[messaging] Tor Hidden Services in (Cables, SMTorP, Pond)

Brian Warner warner at lothar.com
Mon Jun 23 12:19:54 PDT 2014

On 6/22/14 2:18 AM, Bjarni Runar Einarsson wrote:

> I tend to assume the relay is a potential adversary, which is an
> assumption folks may not agree with, but is supported by history and
> the current state of the network.

Yeah, I think of relays as semi-trusted: you're willing to give up
certain things in exchange for certain benefits. In this case, you give
them some measure of control over your availability (they might
drop/corrupt a message), and maybe you enable them to learn more about
your message timing than the rest of the world, in exchange for which
they usually improve your availability (by queueing messages, so you
aren't limited to having both sender and receiver online at the same
time, and the receiver having a public IP address).

If we do the protocol right, you don't give up any more than that.

> If I can tell people "with SMTorP you no longer have to wonder when
> the mail was delivered or whether it ended up in their spam folder",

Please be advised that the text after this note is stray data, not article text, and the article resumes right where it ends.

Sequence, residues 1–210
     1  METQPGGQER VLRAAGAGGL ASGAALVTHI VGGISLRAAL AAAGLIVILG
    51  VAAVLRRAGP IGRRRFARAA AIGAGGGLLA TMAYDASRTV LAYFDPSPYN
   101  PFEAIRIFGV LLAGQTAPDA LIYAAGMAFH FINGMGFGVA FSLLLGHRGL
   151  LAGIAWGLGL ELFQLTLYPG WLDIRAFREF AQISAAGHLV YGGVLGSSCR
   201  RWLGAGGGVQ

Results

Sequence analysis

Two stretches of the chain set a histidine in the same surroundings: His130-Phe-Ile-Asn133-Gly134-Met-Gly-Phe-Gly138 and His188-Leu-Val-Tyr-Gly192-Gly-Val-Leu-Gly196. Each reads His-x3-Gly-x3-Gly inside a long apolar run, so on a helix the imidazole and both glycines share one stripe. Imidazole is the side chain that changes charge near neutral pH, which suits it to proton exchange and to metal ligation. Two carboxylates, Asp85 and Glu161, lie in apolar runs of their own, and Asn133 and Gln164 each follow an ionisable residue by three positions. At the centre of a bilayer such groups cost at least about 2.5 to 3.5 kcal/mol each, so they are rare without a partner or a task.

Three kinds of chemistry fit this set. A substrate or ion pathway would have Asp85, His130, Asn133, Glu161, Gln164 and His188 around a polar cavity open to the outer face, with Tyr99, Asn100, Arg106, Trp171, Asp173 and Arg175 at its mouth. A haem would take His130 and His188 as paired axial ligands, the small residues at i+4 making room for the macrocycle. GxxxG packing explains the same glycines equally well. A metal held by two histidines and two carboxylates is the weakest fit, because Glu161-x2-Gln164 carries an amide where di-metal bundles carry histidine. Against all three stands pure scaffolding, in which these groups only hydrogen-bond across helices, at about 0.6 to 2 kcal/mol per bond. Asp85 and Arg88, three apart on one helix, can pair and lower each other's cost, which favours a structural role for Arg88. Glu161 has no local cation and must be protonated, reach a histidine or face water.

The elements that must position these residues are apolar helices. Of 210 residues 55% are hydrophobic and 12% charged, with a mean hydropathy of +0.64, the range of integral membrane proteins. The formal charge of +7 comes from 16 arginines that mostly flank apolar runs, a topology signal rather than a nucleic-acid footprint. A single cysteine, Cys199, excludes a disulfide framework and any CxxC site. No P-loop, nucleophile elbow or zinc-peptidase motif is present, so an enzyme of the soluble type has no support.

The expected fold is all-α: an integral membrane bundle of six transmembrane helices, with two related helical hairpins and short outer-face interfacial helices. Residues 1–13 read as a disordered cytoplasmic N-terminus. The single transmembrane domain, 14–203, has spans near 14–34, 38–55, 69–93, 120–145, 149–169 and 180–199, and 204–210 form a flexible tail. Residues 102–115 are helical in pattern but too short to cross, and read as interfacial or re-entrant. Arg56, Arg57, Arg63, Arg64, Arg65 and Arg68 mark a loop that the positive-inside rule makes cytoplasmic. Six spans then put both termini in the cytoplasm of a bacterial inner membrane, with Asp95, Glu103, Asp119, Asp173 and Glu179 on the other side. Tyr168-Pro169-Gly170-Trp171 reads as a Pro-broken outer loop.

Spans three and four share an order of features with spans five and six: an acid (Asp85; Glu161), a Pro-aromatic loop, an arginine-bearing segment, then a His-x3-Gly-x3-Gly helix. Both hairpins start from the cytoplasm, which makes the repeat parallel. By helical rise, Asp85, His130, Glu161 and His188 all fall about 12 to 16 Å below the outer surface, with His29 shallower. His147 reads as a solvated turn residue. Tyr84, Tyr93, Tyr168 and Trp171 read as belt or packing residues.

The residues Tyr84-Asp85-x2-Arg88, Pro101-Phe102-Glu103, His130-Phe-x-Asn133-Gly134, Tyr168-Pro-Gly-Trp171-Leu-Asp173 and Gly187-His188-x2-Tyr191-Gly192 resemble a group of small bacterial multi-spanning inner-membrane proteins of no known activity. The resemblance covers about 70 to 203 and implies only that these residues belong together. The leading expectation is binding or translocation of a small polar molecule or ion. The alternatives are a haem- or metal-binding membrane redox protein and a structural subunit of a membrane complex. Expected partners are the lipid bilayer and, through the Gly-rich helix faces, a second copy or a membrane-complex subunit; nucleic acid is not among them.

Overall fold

> then many will switch for that reason alone.

That's a great selling point! I think you're absolutely right that we
have to sell new systems on qualities that people really care about, and
security is not one of them.

> This is one of the main reasons I'm really not keen on relays. They
> kill the usability benefits I am shooting for, add back all the old
> shit from legacy SMTP and add another potential point of compromise
> and attack.

I think a lot of those problems can be addressed by the right protocol.
The spam-filtering problems go away (because messages are encrypted: the
server couldn't do content-filtering even if it wanted to). We can
tolerate unreliability with agent-to-agent ACKs and retransmits without
needing to reveal if/when a human has seen the message.

The high-order issue remains, of course: how do you get in touch with a
stranger, and also deter spam. But it's the recipient's agent which
enforces this, not the relays, which I think gives senders the minimum
possibly level of uncertainty.

> Since SMTorP addresses are just something at foo.onion, if you use a
> receive relay then the relay operator owns your e-mail address, making
> him a middle man you cannot get rid of without changing addresses and
> notifying all your contacts.

In Petmail, I dealt with this by making the transport channel(s) merely
a property of the contact record, rather than being the primary
identifier (which is just a public key). You need to have at least one
transport so people can send messages to you, but you can have more than
one, and if somebody's giving you bad service, you just rent a new one
and replace them. Your list of current transports gets sent to each new
correspondent during the invitation process, and your agent updates
their agents automatically when it changes.


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